Poinsettia, Flor de Nochebuena, Cuetlaxóchitl – this beautiful plant has many names.
Poinsettias are native to the tropical highlands of Mexico.
In the wild they grow into 10-foot-high bushes with explosions of flamboyant red flowers appearing around the time of the winter solstice, a significant date for the ancient Aztecs. They called these plants Cuetlaxóchitl, and used the flowers to make a reddish dye, the milky white sap of the plant to reduce fevers, and the plant as an offering to Tonantzin, the mother goddess of the earth.When the Spanish arrived in the Aztec homelands with their guns and crosses they were also struck by its December timing, and the star-shape of flower that to them resembled the Star of Bethlehem, and so they called it ‘la flor de Nochebuena’, the Flower of the Holy Night, the Christmas Eve flower. And so the Solstice celebrations became Christmas celebrations, and the Aztec goddess Tonantzin became the Virgin Mary.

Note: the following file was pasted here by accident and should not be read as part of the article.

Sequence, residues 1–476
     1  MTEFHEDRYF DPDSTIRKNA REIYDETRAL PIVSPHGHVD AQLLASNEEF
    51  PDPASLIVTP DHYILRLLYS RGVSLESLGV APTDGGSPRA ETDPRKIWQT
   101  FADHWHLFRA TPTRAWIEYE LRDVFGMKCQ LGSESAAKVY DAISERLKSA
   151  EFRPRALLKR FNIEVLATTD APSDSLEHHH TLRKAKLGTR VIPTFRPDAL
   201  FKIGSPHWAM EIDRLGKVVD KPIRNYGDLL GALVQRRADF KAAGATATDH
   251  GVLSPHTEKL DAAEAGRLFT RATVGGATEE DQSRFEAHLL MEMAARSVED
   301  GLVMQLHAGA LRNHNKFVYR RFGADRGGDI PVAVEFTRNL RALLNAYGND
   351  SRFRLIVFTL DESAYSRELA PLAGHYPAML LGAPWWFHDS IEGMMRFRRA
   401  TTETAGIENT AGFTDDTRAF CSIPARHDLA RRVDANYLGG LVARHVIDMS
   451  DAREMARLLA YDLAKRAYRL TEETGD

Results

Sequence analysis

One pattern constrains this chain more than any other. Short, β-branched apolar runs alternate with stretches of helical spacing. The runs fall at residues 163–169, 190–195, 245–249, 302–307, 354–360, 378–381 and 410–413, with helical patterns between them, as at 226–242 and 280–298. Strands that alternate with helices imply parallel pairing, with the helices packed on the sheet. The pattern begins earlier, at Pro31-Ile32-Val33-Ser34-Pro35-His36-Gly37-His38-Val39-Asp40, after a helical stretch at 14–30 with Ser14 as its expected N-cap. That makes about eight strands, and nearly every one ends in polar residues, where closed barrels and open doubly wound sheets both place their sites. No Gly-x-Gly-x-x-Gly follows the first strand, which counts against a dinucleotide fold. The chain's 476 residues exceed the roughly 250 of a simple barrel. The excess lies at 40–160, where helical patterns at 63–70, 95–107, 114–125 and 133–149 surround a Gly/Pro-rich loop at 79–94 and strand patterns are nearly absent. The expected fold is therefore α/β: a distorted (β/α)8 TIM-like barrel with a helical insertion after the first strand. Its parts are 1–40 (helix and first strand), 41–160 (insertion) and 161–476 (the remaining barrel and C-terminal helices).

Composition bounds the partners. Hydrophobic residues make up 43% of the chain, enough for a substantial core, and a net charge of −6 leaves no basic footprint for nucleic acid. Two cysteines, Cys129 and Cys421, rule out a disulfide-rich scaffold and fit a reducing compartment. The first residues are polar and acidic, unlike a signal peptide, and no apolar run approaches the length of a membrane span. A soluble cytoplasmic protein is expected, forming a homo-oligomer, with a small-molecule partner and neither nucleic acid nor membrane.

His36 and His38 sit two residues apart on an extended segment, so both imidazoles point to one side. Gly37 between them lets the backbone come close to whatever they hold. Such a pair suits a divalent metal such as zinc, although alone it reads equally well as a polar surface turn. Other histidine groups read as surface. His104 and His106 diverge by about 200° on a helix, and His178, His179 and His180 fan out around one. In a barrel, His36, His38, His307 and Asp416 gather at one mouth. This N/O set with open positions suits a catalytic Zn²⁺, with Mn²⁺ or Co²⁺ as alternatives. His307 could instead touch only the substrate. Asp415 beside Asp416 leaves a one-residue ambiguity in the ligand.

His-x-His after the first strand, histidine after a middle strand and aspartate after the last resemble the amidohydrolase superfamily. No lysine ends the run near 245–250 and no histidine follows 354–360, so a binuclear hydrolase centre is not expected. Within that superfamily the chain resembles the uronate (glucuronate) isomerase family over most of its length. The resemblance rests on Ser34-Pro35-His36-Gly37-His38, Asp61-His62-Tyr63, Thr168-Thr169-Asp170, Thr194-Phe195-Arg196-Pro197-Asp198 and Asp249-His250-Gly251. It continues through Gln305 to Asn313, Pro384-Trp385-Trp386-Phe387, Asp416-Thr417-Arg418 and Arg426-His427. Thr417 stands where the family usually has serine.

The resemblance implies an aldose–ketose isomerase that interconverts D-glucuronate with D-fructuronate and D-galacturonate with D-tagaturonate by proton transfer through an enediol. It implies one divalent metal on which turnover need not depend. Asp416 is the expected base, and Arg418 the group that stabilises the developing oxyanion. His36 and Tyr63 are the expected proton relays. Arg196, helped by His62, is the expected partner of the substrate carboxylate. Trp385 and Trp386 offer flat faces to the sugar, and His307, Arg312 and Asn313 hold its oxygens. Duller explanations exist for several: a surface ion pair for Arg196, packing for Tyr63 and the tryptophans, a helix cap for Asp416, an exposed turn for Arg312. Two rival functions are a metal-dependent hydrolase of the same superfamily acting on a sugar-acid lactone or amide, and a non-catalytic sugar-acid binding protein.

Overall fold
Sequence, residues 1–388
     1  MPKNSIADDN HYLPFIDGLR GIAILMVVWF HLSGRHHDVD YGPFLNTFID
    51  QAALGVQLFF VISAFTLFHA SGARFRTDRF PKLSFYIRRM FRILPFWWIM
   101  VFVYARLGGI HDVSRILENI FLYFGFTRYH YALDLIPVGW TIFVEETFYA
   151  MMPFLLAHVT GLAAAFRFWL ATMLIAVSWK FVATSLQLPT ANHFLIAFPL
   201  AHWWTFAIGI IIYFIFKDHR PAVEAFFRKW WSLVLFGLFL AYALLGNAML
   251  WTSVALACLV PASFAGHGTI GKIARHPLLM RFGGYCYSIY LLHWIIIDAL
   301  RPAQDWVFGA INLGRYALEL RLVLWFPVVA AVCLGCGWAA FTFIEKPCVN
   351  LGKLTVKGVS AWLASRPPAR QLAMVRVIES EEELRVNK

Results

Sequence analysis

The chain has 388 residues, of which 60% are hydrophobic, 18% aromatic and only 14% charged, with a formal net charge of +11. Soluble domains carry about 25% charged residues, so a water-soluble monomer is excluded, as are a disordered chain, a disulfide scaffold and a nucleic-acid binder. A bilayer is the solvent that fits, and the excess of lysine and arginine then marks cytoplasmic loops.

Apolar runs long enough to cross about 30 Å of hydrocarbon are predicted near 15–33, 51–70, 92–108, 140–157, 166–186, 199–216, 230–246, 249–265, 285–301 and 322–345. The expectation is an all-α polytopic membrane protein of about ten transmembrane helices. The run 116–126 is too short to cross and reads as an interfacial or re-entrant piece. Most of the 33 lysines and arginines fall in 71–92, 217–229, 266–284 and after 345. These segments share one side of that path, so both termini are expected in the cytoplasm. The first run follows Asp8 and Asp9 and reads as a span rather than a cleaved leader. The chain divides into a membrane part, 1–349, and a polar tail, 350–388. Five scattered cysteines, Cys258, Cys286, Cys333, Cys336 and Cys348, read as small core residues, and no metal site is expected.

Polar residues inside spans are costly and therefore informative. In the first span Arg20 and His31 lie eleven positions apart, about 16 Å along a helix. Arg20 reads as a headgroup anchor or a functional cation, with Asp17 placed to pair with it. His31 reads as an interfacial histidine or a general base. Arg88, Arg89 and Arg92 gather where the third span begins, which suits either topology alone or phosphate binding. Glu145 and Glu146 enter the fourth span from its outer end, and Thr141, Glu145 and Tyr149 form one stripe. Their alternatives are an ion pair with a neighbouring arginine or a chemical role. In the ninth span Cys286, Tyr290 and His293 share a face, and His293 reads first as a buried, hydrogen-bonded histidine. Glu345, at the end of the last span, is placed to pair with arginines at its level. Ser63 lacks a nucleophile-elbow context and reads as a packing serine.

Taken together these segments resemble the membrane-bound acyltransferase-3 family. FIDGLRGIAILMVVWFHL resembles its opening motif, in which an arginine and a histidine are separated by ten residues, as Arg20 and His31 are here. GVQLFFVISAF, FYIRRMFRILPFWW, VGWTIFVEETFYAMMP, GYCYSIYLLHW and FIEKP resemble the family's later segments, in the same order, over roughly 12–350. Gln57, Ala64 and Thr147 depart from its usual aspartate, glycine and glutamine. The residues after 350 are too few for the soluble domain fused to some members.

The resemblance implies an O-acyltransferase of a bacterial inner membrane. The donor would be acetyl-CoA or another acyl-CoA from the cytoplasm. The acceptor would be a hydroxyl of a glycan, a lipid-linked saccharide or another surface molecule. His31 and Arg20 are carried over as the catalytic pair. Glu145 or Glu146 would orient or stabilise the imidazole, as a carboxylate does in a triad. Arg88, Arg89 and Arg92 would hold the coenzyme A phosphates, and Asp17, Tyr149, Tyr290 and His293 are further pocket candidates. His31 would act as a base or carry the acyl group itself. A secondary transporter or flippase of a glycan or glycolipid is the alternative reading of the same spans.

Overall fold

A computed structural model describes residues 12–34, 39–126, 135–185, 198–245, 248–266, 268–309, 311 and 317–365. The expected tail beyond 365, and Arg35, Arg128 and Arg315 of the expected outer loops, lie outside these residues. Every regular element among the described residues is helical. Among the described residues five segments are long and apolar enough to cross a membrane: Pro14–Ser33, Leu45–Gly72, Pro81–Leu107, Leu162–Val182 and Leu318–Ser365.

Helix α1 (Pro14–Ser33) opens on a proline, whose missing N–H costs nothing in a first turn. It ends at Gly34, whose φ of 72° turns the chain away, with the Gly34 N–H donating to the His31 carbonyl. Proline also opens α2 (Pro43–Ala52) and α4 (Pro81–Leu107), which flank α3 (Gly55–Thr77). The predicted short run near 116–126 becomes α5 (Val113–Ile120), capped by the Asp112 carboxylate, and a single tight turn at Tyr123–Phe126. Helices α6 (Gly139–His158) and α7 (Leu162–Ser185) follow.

There is a story in Mexico about two poor children, having nothing to give to the new-born Christ Child, picked a bunch of weeds besides the road. When they were presented to the child the weeds burst into red flowers, and so another Christmas legend was born.
Another story of this red flower is that of Joel R. Poinsett, the first American ambassador to Mexico in 1825. An amateur botanist, he sent the plants he had collected in Mexico back to the US, and the Flor de Nochebuena was renamed Poinsettia in his honour.
In the more northern climes of Europe, dark green Holly with its red berries represented the colours of the winter solstice, and as in Mexico, the red and green colours transferred over to the Christmas celebration.
Of course, by sheer coincidence the Poinsettia was also red and green, ultimately making it one of the most popular Christmas plants of all time. More of the Friendly Friday Photo Challenge: Red and Green for Christmas.